(Phys.org) -- Bat wings are like hands: meaty, bony and full of joints. A new Brown University study finds that bats take advantage of their flexibility by folding in their wings on the upstroke to save inertial energy. The research suggests that engineers looking at flapping flight should account for wing mass and consider a folding design.
Whether people are building a flying machine or nature is evolving one, there is pressure to optimize efficiency. A new analysis by biologists, physicists, and engineers at Brown University reveals the subtle but important degree to which that pressure has literally shaped the flapping wings of bats.
The team's observations and calculations show that by flexing their wings inward to their bodies on the upstroke, bats use only 65 percent of the inertial energy they would expend if they kept their wings fully outstretched. Unlike insects, bats have heavy, muscular wings with hand-like bendable joints. The study suggests that they use their flexibility to compensate for that mass.
"Wing mass is important and it's normally not considered in flight," said Attila Bergou, who along with Daniel Riskin is co-lead author of the study that appears April 11 in the Proceedings of the Royal Society B. "Typically you analyze lift, drag, and you don't talk about the energy of moving the wings."
The findings not only help explain why bats and some birds tuck in their wings on the upstroke, but could also help inform human designers of small flapping vehicles. The team's research is funded by the U.S. Air Force Office of Sponsored Research.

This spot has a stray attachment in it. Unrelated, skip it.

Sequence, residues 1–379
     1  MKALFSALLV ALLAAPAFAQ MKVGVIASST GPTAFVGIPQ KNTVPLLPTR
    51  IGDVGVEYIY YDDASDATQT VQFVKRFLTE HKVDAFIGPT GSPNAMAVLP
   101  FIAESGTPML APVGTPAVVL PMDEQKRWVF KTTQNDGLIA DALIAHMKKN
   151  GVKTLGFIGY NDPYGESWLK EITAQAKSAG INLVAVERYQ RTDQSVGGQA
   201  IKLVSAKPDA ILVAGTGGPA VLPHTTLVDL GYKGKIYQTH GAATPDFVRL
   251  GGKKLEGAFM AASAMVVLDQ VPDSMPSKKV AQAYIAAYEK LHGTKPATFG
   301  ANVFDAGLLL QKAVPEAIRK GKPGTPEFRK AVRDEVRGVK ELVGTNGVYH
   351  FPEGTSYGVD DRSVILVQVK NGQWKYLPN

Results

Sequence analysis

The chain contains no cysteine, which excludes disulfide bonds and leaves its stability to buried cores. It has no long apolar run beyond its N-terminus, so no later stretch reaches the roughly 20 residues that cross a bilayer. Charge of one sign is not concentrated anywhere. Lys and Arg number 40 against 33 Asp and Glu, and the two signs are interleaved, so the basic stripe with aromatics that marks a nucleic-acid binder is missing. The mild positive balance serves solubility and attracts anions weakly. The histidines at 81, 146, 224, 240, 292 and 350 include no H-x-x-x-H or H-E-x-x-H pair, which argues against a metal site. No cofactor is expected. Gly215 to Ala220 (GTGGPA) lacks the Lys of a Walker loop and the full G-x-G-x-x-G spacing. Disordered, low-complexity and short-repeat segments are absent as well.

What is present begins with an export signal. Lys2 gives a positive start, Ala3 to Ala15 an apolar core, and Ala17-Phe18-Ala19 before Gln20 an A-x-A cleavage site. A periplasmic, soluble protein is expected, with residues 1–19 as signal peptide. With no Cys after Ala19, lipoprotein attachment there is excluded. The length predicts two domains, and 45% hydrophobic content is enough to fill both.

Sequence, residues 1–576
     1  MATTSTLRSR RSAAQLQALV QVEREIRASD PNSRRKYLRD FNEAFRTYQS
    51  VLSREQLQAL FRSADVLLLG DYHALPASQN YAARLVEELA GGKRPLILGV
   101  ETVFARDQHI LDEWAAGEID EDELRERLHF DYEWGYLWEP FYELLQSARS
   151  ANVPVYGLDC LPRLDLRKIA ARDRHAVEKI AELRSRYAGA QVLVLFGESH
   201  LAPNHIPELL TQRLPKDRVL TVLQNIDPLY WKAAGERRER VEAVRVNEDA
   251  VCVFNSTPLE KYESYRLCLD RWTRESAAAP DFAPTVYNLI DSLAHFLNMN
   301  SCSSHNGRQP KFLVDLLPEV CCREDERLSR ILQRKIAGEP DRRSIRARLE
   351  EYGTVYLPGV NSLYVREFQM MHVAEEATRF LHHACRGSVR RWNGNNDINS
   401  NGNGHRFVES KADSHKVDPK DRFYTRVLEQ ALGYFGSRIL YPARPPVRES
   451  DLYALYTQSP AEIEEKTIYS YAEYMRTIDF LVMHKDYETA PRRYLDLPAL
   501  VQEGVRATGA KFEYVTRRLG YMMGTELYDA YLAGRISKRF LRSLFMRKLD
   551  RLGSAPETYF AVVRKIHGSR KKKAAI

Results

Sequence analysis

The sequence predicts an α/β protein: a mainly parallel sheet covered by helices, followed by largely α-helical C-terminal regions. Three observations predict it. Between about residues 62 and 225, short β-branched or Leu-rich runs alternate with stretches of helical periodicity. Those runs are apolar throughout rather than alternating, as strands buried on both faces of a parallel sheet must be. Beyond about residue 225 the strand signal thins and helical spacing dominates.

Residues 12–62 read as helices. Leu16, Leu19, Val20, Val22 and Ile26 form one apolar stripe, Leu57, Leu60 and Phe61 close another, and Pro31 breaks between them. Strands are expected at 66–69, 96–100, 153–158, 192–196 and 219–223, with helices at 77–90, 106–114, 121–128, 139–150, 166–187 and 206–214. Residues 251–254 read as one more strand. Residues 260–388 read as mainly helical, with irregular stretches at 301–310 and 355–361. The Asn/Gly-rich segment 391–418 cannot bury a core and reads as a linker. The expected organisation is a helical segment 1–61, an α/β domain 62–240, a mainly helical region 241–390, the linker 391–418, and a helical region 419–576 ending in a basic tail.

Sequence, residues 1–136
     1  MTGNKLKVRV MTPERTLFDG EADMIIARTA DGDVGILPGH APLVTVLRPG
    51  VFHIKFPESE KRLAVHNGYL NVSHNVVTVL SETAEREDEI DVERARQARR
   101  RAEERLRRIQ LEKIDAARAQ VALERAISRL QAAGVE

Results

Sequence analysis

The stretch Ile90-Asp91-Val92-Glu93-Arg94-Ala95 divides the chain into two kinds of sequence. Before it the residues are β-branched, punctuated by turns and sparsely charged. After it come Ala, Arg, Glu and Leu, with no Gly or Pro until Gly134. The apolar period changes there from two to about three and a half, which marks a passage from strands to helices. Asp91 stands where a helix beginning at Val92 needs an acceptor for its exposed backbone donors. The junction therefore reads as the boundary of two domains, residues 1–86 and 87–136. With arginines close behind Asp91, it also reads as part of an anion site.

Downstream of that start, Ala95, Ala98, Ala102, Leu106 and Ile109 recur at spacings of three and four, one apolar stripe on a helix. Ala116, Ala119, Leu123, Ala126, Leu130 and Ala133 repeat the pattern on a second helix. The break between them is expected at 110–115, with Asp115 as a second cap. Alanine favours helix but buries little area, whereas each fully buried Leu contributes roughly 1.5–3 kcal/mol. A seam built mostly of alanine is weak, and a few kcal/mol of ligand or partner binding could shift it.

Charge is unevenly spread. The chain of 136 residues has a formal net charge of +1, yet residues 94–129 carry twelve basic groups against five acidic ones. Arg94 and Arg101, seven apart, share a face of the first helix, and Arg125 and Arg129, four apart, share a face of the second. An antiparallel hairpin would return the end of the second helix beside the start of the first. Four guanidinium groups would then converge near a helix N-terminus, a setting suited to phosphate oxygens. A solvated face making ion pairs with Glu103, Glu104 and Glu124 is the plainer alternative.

"If you have a vehicle that has heavy wings, it would become energetically beneficial to fold the wings on the upstroke," said Sharon Swartz, professor of ecology and evolutionary biology at Brown. She and Kenneth Breuer, professor of engineering, are senior authors on the paper.
The physics of flexed flapping
The team originally set out to study something different: how wing motions vary among bats along a wide continuum of sizes. They published those results in 2010 in the Journal of Experimental Biology, but as they analyzed the data further, they started to consider the intriguing pattern of the inward flex on the upstroke.
That curiosity gave them a new perspective on their 1,000 frames-per-second videos of 27 bats performing five trials each aloft in a flight corridor or wind tunnel. They tracked markers on the bats, who hailed from six species, and measured how frequently the wings flapped, how far up and down they flapped, and the distribution of mass within them as they moved. They measured the mass by cutting the wing of a bat that had died into 32 pieces and weighing them.
The team fed the data in to a calculus-rich model that allowed them to determine what the inertial energy costs of flapping were and what they would have been if the wings were kept outstretched.
Bergou, a physicisist, said he was surprised that the energy savings was so great, especially because the calculations also showed that the bats have to spend a lot of energy 44 percent of the total inertial cost of flapping to fold their wings inward and then back outward ahead of the downstroke.
"Retracting your wings has an inertial cost," Bergou said. "It is significant but it is outweighed by the savings on the up and down stroke."
The conventional wisdom has always been that bats drew their wings in on the upstroke to reduce drag in the air, and although the team did not measure that, they acknowledge that aerodynamics plays the bigger role in the overall energy budget of flying. But the newly measured inertial savings of drawing in the wings on the upstroke seems too significant to be an accident.
"It really is an open question whether natural selection is so intense on the design and movement patterns of bats that it reaches details of how bats fold their wings," Swartz said. "This certainly suggests that this is not a random movement pattern and that it is likely that there is an energetic benefit to animals doing this."
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